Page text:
Like many of this valley's historic structures, the stately Acton Hotel perished by fire in 1945 after catering to kings, presidents and princes for fifty-five years.
No fewer than three Newhall elementary schools burned to the ground. The first two, at Ninth and Walnut streets, burned in 1890 and 1914. A third school was erected near the northwest corner of Newhall Avenue and Lyons, but by 1928 the budding postwar student population had outgrown it. In that year the school moved to its permanent home at Eleventh and Walnut, where fire again gutted it on Valentine's Day, 1939.
The flames that consumed Gene Autry's Melody Ranch in 1962 encircled the entire valley and very nearly erased other historic structures. Only a terrific effort on the part of local residents saved the Mentryville "Big House" in Pico Canyon — an effort that would be repeated in 1970 when flames again ringed the valley.
Other buildings were destroyed by earthquake, such as Newhall's First Presbyterian Church and the old Pharmacy building, as we have seen.
Still others were taken out in the name of progress. The communities of Lang and Ravenna in Soledad Canyon, for instance, were bulldozed in the early 1970s. The 1936-vintage Saugus Elementary School became a shopping center.
Nonetheless, several historic and interesting places remain.
Mentryville, now a ghost town tucked behind the new community of Stevenson Ranch, is a State Historic Landmark, as is the site of nearby Pico (CSO) Number 4, the first commercially successful oil well in the western United States.
In November of 1995, while Chevron, USA was divesting itself of its non-productive holdings (Chevron acquired Standard in 1977 and pumped the last oil out of Pico in 1990), the company donated Mentryville to the Mountains Recreation and Conservation Authority, a state agency headed by the Santa Monica Mountains Conservancy, as part of an 851-acre gift. Home for almost three decades to oil field foreman Frenchy Lagasse and his wife Carol and family, the old Pico field is now a state park and open to visitors.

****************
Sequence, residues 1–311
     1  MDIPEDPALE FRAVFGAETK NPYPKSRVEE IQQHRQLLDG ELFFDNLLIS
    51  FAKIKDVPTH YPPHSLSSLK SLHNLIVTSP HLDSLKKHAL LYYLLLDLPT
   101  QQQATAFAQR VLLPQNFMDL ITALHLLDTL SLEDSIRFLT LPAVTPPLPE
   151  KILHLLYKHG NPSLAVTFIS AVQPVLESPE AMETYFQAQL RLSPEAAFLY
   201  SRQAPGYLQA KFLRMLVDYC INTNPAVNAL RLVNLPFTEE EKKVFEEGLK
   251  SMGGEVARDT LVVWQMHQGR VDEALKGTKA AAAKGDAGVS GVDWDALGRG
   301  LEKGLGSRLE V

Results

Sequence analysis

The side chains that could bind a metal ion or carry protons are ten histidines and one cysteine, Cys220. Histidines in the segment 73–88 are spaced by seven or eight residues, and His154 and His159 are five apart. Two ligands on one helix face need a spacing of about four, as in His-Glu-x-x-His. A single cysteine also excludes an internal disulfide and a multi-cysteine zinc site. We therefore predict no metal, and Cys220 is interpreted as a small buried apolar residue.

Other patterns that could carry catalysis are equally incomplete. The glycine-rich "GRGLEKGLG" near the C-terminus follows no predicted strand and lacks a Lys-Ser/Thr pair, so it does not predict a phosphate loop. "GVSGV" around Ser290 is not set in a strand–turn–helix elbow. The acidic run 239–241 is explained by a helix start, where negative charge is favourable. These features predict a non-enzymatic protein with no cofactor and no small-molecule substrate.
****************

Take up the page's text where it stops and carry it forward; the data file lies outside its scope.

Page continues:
Two stills remain at another Chevron holding, the Pioneer Oil Refinery on Pine Street in Newhall. They are the oldest existing stills in the world. The refinery was restored by Pico superintendent Charles Sitzman shortly after the 1930 death of Demetrius G. Scofield, first president of Standard Oil of California, and dedicated in Scofield's honor. Efforts are underway to preserve the site, which is also a State Landmark.
Historic Landmark Number 919 is a monument to disaster, for this was the location of the ill-fated St. Francis Dam. All that marks the spot of the 1928 collapse are hunks of concrete which, today, are difficult to distinguish from their native surroundings. They rest in the stream bed nine miles north of Seco Canyon Road in San Francisquito Canyon.
Vasquez Rocks County Park is on the National Registry of Historic Places not because it was the hideout of the notorious outlaw Tiburcio Vasquez, but because it sports one of the finest collections of Native American rock art in the state. Now fenced off to discourage vandalism, some artifacts may be more than twenty thousand years old.
At 24151 Newhall Avenue looms the magnificent home of cowboy actor William S. Hart. Docents conduct tours through the rooms filled with western Americana, including original paintings by Russell, Remington and Flagg. The Los Angeles County parks department also maintains picnic areas and a barnyard zoo on the property.
Directly south, facing San Fernando Road, is the Saugus Train Station. The station was moved to this spot during the night of June 24, 1980 by the Santa Clarita Valley Historical Society, thanks to a massive community outpouring of funds and volunteer effort. Today it houses a museum, library and a recreated station master's office.
Other structures from Santa Clarita's past, such as the Pardee House, Newhall Ranch House, Colonel Thomas F. and Martha Mitchell's adobe home in Soledad Canyon — the valley's first school house — and many more have joined the Saugus Station in the Heritage Junction section of Hart Park. Future plans include the reconstruction of the Spruce Street blacksmith shop that was purchased by Tom Frew II in 1900 and served the valley's horse shoeing needs for seventy years. Heritage Junction is open for visitors on weekends.
While much has been done to preserve local historic structures, many more remain unprotected from the ravages of time.